Lyle Nelson, however, is both.
Wants To Forget Job
Sometimes he wishes he could
just return to teaching jour-
nalism and forget his enormous
task of selling the concept of
the University of Michigan to
the public.
Because he has headaches.
"It's not an easy task," he
says, referring to his duties as
director of University relations.
"We're talking about quality
education and the importance
of educating a relatively small
number of students.
Advantages Hidden
"The advantages just aren't
apparent to many observers."
Making those advantages ap-
parent is Nelson's job. He is
responsible for University's In-
formation a d.News service and
special publications, as well as
tending to numerous public re-
lations details.
His "pitch" is slow, analytic
and convincing.-
Sells Education
"The most important thing
to get across," he said, "is the
distinctive nature of the Uni-
versity's educational program."
First of all, he explained, 40
per cent of the University's en-
rollment is on the graduate

and professional levels, an "ex-
tremely high concentration."
It costs dour times as much
to educate these students as it
does to educate undergraduates,
Nelson said.
"Therefore, all this has a
real effect in terms of the
money we need, as compared
with other schools where gradu-
ate and professional enrollment
is not as high.
. Explains Research Cost
"'The other reason for our
distinctiveness is research.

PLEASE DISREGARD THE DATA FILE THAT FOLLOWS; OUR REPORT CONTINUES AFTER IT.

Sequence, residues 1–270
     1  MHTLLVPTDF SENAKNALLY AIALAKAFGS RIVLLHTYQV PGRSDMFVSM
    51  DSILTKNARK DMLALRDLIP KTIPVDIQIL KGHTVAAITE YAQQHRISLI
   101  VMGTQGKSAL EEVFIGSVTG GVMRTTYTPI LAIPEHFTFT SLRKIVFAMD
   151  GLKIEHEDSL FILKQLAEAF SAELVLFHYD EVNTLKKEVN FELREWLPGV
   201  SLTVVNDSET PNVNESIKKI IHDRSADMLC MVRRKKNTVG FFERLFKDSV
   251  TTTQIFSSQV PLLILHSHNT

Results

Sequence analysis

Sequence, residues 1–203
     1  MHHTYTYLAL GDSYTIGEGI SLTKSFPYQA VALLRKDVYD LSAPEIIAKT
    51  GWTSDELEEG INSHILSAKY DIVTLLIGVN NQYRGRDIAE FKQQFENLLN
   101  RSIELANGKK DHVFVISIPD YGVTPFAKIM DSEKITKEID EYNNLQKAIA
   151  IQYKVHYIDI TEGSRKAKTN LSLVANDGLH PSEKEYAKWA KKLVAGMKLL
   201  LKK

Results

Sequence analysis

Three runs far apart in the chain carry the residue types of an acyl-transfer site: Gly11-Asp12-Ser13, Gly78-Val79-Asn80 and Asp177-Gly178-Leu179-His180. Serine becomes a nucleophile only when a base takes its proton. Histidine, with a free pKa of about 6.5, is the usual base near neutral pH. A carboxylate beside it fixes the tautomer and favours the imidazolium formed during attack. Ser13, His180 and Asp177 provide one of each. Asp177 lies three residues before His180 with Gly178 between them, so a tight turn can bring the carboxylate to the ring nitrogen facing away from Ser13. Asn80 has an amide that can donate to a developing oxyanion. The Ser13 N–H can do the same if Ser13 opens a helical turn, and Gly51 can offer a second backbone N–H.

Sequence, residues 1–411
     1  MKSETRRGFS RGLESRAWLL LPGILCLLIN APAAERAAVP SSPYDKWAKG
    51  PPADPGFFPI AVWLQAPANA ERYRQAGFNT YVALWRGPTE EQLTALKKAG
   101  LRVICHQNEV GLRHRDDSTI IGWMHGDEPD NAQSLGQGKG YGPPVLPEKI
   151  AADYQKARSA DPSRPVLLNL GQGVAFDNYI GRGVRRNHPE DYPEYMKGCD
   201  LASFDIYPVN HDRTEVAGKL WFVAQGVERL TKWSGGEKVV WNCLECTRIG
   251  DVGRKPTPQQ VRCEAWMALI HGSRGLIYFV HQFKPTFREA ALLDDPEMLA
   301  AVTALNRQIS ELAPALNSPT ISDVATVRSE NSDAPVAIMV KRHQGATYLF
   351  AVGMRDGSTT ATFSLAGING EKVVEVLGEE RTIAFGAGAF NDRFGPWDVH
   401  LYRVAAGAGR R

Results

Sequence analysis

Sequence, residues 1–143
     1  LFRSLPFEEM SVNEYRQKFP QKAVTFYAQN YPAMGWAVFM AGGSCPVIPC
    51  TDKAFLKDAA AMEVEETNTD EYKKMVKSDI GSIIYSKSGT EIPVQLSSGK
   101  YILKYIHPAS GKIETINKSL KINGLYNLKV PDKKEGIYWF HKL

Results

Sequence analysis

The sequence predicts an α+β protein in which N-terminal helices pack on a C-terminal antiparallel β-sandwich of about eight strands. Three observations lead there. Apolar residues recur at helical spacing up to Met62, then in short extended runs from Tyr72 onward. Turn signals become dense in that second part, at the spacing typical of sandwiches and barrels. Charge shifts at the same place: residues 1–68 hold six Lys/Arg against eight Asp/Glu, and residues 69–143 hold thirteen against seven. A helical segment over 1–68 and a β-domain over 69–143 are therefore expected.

We're a major center, and this
makes a difference when deter-
mining the amount of financial
support we should receive."
People don't always under-
stand this, Nelson finds. "So we
try to emphasize the services
that directly affect the public,
such as medicine and some
phases of research."
"At present, we're not broad-
ening their understanding," he
frowned. "We're just not pre-
pared . .."
"How do you prepare?"
seemed a question. Nelson has
many answers.
Answers Question
"We've got to involve the key
leaders of the state in educa-
tion, first of all.
"Last fall we started taking
the University to the people
and providing them with in-
formation. The vice-presidents,
deans and myself traveled, gen-
erally about a week at a time,
talking everywhere.
"We spoke at alumni and
service clubs all over the state
and were pretty favorably re-
ceived."
Calls for Film
Nelson also wants a film
showing various phases of Uni-
versity life. "Not a useless little
one, but one really worthwhile
and well done,
"We can show the people the
importance of the University
in other ways. For example, for
each county we can find out
how many doctors received
their training at the Univer-
sity, demonstrating the prac-

tical importance of the Uni-
versity."
Despite his surface relaxa-
tion, Nelson keeps 'busy. So
busy, in fact, that he probably
will never get back to teach-
ing.
Attends 'U' of Oregon
Following an AB degree at
the University of Oregon in
1941 where he edited the stu-
dent newspaper ("It was an
All-American paper then, but
now it's poor"), Nelson worked
with Oregon papers and even-
tually went back to his alma